Individual and population health and wellness are strongly influenced by geography. Distance to services, neighbourhood safety, opportunities for education and employment within commuting distance, and air and water quality all affect health. Geographic mapping of health outcomes and services is a powerful tool for decision-making in health policy and planning. The availability of the population health information in a user-friendly format can help health care stakeholders to understand, plan for and respond to local health care challenges.
About the project
The current version of the Maritime Health Atlas is an interactive, web-based mapping tool that illustrates difference in measures of health status, health service use, and the social determinants of health at several geographic scales in the province of Nova Scotia.
The atlas includes aggregate census data from Nova Scotia as well as the results from the Small-Area Rate Variation (SARV) project. A key component of this project was the development of 55 community clusters, which are nested within two levels of geographies: 14 community health networks and four management zones.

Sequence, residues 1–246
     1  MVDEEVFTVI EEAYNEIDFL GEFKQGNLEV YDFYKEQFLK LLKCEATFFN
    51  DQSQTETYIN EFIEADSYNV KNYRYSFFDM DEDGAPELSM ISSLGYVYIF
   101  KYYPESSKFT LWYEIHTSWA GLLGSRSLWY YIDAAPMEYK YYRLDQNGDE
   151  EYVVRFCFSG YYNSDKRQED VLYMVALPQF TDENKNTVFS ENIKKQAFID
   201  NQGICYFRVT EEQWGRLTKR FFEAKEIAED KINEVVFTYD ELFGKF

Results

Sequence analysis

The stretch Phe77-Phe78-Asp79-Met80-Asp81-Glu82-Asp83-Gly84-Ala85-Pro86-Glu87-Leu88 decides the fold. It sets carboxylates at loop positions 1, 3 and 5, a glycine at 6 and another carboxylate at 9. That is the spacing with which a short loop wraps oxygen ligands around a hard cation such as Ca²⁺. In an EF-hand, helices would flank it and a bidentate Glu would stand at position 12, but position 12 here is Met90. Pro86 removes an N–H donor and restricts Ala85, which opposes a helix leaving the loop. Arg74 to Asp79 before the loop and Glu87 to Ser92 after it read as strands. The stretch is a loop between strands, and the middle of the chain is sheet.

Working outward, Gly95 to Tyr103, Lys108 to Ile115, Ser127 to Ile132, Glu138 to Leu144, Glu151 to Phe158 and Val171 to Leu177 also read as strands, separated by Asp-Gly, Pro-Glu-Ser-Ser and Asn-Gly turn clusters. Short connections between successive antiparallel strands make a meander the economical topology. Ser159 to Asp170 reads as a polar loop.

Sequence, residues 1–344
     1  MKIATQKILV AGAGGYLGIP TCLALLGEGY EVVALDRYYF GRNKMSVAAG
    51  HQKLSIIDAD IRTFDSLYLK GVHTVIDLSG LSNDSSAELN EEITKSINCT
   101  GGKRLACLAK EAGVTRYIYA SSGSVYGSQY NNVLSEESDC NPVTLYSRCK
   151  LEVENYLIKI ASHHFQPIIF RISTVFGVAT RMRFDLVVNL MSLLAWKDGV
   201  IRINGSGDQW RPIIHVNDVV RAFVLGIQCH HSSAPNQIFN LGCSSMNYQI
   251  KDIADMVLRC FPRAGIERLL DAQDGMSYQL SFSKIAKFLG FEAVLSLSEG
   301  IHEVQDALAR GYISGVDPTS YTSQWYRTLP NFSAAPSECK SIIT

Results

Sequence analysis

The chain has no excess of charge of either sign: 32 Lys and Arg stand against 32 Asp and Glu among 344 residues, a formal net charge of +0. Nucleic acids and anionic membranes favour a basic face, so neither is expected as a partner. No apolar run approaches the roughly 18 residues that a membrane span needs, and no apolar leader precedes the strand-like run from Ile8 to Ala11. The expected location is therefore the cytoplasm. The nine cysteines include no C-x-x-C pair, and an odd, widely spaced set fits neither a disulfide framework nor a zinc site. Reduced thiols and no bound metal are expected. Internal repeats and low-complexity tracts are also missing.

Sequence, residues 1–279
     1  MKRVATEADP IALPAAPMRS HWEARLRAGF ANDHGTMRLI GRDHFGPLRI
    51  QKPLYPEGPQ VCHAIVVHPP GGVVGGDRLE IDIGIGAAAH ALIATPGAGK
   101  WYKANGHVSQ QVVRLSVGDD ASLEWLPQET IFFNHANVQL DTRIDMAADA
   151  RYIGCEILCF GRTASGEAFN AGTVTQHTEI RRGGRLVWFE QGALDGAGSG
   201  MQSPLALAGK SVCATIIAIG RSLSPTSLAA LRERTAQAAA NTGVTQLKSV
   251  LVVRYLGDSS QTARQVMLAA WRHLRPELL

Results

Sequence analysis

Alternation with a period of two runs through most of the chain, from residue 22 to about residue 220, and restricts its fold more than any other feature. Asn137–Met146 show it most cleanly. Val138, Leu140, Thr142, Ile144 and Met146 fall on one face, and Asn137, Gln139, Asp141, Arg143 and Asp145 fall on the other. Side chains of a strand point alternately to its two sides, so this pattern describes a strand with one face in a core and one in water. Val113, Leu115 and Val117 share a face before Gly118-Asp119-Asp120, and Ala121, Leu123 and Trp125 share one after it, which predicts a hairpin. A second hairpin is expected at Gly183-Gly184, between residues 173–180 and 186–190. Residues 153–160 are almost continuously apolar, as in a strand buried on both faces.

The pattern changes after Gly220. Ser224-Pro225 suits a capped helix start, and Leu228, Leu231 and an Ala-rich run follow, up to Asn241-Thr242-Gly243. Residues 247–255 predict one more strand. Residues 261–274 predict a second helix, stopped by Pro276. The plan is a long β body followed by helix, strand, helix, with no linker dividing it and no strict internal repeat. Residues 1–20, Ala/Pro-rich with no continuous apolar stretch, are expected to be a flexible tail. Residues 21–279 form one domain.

The Atlas has since expanded to include additional data from Nova Scotia and New Brunswick. The goal is to eventually include data from all three Maritime Provinces. The current version of the atlas is under renewal and consultations are underway to facilitate the exchange of geographically-referenced population health and health care knowledge, that directly benefits policy, health system improvement and the maritime population.
- Health Atlas is improving health care planning, CIHR, August 2018
GeoHealth Research Unit (GRU)
- Dr. Mikiko Terashima, School of Planning, Dalhousie University
- Dr. George Kephart, Department of Community Health and Epidemiology, Dalhousie University
- Dr. Daniel Rainham, Department of Earth and Environmental Sciences, Dalhousie University
- Dr. Nathalie Saint-Jacques, Nova Scotia Cancer Care Program, Nova Scotia Health Authority
Dr. Daniel Rainham